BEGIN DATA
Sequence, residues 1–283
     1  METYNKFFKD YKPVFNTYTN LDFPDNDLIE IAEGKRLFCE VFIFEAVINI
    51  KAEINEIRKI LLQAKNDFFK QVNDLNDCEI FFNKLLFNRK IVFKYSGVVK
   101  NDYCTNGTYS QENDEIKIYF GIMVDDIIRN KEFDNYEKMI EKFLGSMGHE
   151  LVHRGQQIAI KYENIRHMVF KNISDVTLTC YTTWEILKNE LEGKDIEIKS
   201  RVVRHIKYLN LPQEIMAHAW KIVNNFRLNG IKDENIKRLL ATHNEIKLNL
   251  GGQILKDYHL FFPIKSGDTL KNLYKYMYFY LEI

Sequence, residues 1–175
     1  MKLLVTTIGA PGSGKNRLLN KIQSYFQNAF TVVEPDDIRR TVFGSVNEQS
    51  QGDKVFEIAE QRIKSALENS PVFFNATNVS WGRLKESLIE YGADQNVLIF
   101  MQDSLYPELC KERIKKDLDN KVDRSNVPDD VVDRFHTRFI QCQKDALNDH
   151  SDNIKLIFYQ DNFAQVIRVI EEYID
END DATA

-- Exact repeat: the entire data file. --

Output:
Sequence, residues 1–283
     1  METYNKFFKD YKPVFNTYTN LDFPDNDLIE IAEGKRLFCE VFIFEAVINI
    51  KAEINEIRKI LLQAKNDFFK QVNDLNDCEI FFNKLLFNRK IVFKYSGVVK
   101  NDYCTNGTYS QENDEIKIYF GIMVDDIIRN KEFDNYEKMI EKFLGSMGHE
   151  LVHRGQQIAI KYENIRHMVF KNISDVTLTC YTTWEILKNE LEGKDIEIKS
   201  RVVRHIKYLN LPQEIMAHAW KIVNNFRLNG IKDENIKRLL ATHNEIKLNL
   251  GGQILKDYHL FFPIKSGDTL KNLYKYMYFY LEI

Sequence, residues 1–175
     1  MKLLVTTIGA PGSGKNRLLN KIQSYFQNAF TVVEPDDIRR TVFGSVNEQS
    51  QGDKVFEIAE QRIKSALENS PVFFNATNVS WGRLKESLIE YGADQNVLIF
   101  MQDSLYPELC KERIKKDLDN KVDRSNVPDD VVDRFHTRFI QCQKDALNDH
   151  SDNIKLIFYQ DNFAQVIRVI EEYID